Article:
As the week continued, I put the reins on my compulsive personality and prayed and waited. And day by day, God gave me insights into myself, my marriage, my family, and my past that were like shards of light piercing a deep cavern. With each revelation of truth, I found myself being freed, as it were, from invisible chains.

Surely, I wait for the Lord; who bends down to me and hears my cry… (Psalms 40:2)

Indeed, several times, the Holy Spirit led me to renounce and bind what I perceived were certain spirits that had been afflicting me with anxiety, fear, insecurity, anger and so forth. With each pronunciation of the Name of Jesus, I could feel the weight lifting and God’s freedom beginning to fill my soul.[1]

The day before Christmas Eve, I was assaulted one last time by the Wolf who was desperate to draw me away into isolation—away from my family and you, Christ’s flock. I went to Mass that morning, came back to the house where I was staying, and sat there saying, “Okay Lord. I will wait a little longer.” With that, God gave me one word: “Co-dependency.” I knew a bit of this behavioural/thought pattern that has afflicted many people. But as I read the description, I saw myself clearly… from the days of my youth! I saw how this played out in relationships, but above all, between my wife and I. Suddenly, decades of insecurity, fear, and frustration made sense. Jesus had revealed to me the root of my pain… it was time to be set free!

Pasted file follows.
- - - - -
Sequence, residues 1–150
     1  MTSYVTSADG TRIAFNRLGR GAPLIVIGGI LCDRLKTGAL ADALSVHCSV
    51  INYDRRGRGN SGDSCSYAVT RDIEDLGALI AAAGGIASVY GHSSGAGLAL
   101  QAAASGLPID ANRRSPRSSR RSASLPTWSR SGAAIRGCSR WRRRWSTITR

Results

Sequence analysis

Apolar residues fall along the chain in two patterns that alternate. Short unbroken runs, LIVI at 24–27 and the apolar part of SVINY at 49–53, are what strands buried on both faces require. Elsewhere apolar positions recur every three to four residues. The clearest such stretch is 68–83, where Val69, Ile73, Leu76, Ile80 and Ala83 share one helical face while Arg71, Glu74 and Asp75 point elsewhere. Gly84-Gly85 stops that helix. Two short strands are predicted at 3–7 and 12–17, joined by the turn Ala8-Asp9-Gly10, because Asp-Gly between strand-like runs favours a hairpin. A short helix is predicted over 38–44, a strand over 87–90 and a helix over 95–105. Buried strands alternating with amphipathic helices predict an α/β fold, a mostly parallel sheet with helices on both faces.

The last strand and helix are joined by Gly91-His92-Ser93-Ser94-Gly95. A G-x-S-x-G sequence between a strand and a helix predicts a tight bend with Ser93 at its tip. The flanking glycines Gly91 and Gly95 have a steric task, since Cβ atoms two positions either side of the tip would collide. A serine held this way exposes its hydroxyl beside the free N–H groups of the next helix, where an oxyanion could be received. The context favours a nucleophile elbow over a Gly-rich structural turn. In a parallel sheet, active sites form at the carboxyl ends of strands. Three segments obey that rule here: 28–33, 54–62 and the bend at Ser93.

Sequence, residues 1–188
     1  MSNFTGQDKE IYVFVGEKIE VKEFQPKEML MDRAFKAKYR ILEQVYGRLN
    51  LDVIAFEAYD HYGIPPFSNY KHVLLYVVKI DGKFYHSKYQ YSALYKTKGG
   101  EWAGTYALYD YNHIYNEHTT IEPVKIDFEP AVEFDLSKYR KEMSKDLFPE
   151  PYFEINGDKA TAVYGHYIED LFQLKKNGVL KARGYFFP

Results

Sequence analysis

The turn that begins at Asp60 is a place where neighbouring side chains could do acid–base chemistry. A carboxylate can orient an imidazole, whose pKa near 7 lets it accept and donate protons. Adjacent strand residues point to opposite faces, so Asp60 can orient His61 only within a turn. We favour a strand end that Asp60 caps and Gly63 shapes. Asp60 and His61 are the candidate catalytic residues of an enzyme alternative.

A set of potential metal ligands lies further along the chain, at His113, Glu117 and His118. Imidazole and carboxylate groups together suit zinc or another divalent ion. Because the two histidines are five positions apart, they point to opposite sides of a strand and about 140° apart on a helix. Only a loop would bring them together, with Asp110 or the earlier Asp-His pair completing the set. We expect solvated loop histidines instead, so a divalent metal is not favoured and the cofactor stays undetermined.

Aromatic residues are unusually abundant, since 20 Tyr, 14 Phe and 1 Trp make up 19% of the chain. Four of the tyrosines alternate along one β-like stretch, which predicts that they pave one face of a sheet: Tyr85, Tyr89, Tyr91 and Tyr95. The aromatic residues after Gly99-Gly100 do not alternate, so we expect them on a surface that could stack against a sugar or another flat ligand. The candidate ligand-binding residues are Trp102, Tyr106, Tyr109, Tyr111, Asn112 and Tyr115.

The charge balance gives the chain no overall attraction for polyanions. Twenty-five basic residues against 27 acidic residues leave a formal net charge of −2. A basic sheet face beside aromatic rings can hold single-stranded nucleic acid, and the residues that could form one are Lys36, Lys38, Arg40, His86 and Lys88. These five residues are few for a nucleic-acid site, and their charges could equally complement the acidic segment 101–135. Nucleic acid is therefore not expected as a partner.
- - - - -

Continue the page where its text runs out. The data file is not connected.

I wrote a letter to my wife, and the next night, the two of us spent Christmas Eve alone sitting on cardboard boxes eating Turkey TV dinners in the midst of our house-turned-upside-down from the last of the renovations and repairs. Not that we’d fallen out of love by any stretch. We were just raw and hurting… but now beginning to grow in a healthier love.



At the same time that all of this was happening, I sensed Jesus speak a word for you. It is that He wants you in the coming year to know His power. Not just to know Him—but to know His power. In a sense, the Lord has stood back from this generation and allowed us to reap what we have sown. He has “lifted the restrainer” that has opened the door to lawlessness in our times, a “diabolical disorientation” that is afflicting even Christians. This “chastisement” is meant to bring each of us into the reality of who we are as individuals and as nations without God. As I look at the world today, I hear the words again:

When the Son of Man comes, will he find faith on earth?” (Luke 18:8)

I see more and more how those words may come true—unless we sincerely abandon ourselves to God once again (which really means to fall into His arms, into the Divine Will). I believe Jesus wants to reveal His power to us through three main vessels: faith, hope, and love. 

So faith, hope, love remain, these three; but the greatest of these is love. (1 Corinthians 13:13)

I’ll explain this in the days ahead.

Jesus is ALIVE. He is not dead. And He is going to reveal to the world His power…